While it is true that, running for the presidency in 1980, Mr Reagan was bashed by liberals as 'extremist', pointing to his alliance with the Christian Right, the former California governor and Hollywood film actor was a mainstream public figure whose main interests revolved around economics and national security. Mr Reagan's partnership with the conservative social-cultural wing of his party was more a reflection of Realpolitik considerations than cultural affinities.

But the three leading conservative figures vying for their party's presidential nomination are the 'real thing' when it comes to the issues that dominate the conservative social-cultural agenda - same-sex marriage (they want to ban it), abortions (they want to criminalise it), religious tolerance (they perceive a Muslim threat to promote Syariah religious law), and science (they do not believe in Darwin's evolution theory and demand 'creationist' or 'intelligent design' theories in school curricula).

Hence, Ms Bachmann, who has won the recent 'straw poll' among Republican voters in Iowa, is an Evangelical Christian that has spent much of her political career dealing with such cultural issues (her husband Marcus is a therapist who specialises in 'curing' gay men). Ms Palin, who has yet to announce her presidential candidacy (and she might not run), is opposed to abortion even in cases of rape and incest.

And Mr Perry, who proudly wears his Christianity on his political sleeve, proclaimed on Aug 6 as a Day of Prayer and Fasting and invited governors across the country to join him to participate in The Response, a Christian prayer meeting held in a huge stadium in Houston, which was organised and hosted by a conservative Christian organisation.

While many Americans in general tend to report higher church attendance than, say, the French or the British, the social-cultural positions embraced by these three presidential candidates - and by the majority of Republican Party activists - run contrary to those of most voters, especially younger Americans and independent voters, who tend to subscribe to more moderate and tolerant views on issues such as gay marriage and abortion.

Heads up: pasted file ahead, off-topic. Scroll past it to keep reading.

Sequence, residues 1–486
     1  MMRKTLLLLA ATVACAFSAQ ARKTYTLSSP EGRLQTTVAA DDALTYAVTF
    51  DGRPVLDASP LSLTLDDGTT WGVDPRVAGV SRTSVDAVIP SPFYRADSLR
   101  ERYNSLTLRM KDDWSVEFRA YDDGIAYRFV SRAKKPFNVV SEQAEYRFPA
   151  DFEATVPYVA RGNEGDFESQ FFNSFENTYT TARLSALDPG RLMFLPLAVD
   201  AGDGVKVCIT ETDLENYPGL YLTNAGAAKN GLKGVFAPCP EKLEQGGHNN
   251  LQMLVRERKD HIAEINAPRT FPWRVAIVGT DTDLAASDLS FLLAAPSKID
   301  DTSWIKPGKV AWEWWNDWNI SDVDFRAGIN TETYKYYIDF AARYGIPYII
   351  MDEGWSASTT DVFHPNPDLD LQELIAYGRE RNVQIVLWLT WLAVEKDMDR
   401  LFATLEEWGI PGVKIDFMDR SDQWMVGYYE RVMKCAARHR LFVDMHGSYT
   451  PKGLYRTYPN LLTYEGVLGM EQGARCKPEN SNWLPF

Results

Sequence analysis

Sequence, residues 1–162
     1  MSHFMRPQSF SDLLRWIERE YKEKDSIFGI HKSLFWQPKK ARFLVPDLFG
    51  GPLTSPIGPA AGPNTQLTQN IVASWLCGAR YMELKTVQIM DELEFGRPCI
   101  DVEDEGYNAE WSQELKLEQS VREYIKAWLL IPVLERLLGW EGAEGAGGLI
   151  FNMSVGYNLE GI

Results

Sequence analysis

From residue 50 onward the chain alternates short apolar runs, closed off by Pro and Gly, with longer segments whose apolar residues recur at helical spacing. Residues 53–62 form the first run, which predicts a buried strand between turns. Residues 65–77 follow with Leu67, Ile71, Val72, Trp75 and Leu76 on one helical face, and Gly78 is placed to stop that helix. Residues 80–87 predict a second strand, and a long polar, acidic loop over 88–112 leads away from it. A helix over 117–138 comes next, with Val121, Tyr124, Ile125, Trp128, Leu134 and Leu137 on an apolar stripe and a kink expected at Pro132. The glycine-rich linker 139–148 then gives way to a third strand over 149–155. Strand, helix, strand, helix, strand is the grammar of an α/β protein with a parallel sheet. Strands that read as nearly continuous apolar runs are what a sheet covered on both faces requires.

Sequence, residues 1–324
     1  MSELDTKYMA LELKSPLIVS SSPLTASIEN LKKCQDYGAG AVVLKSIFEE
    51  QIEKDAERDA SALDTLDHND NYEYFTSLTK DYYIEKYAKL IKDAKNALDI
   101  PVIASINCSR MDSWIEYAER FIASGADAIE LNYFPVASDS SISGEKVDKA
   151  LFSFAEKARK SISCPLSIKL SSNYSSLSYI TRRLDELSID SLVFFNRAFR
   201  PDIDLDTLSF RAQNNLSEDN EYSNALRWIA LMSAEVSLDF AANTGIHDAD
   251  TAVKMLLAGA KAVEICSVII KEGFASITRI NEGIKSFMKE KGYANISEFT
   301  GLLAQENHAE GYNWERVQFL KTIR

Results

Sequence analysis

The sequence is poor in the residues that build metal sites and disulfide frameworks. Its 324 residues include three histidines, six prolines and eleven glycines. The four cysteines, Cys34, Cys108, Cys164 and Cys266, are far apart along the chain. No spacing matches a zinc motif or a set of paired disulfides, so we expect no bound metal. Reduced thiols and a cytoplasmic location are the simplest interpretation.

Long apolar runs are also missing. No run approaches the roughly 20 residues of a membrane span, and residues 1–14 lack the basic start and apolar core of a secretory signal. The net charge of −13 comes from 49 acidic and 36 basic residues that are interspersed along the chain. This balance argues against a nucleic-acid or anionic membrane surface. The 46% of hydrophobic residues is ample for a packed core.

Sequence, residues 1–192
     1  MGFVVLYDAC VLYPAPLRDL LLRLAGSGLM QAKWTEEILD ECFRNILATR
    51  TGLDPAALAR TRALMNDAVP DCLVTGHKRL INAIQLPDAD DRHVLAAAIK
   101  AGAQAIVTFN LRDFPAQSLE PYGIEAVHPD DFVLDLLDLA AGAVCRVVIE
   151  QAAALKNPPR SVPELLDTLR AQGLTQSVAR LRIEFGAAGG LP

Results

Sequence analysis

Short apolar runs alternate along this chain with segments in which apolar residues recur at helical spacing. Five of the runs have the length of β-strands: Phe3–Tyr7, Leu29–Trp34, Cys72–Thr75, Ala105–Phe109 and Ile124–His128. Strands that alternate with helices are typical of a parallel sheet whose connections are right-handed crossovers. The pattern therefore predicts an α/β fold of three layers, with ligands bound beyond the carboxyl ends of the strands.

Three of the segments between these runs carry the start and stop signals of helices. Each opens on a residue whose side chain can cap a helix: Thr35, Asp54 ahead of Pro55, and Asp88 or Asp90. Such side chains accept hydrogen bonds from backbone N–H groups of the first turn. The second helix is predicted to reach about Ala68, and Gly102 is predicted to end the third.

Interestingly, after retiring from the Senate, Mr Goldwater decried the growing influence of the Christian Right on his party. That enormous influence has forced moderates such as Mr Romney to change their earlier, more accommodating positions on abortion and other social-cultural issues that in Mr Romney's case had actually helped him win the governorship of the liberal state of Massachusetts.

Republicans, however, are hoping that against the backdrop of the economic discontent, most voters, especially in economically distressed states such as Pennsylvania, Ohio, Michigan and Wisconsin, would be attracted to the economic message of economic revival espoused by Mr Perry, Ms Palin, or Ms Bachmann - and pay less attention to their views on abortion or gay marriage.

But the problem is, contrary to the Republican conventional wisdom, it is not clear that the radical economic prescriptions - cutting government spending, abolishing socio-economic and health programmes, imposing no new taxes - promoted by the three and, in fact, the rest of the Republican candidates, Â are going to win the support of a majority of voters. According to opinion polls, most voters favour Mr Obama's balanced approach to dealing with the nation's deficit - cutting spending and imposing taxes on the wealthy while preserving the foundations of the welfare state.Â

Indeed, even Mr Reagan, who had led a major reform of the economic system by cutting some regulations and reducing the level of taxation, was never a proponent of changes in the government-backed insurance plans for retirees and the elderly and during his first four years in office demonstrated that he was more of a cautious reformer than a radical revolutionary. And this is the way that Mr Obama in 2012 is hoping to sell himself to the American people.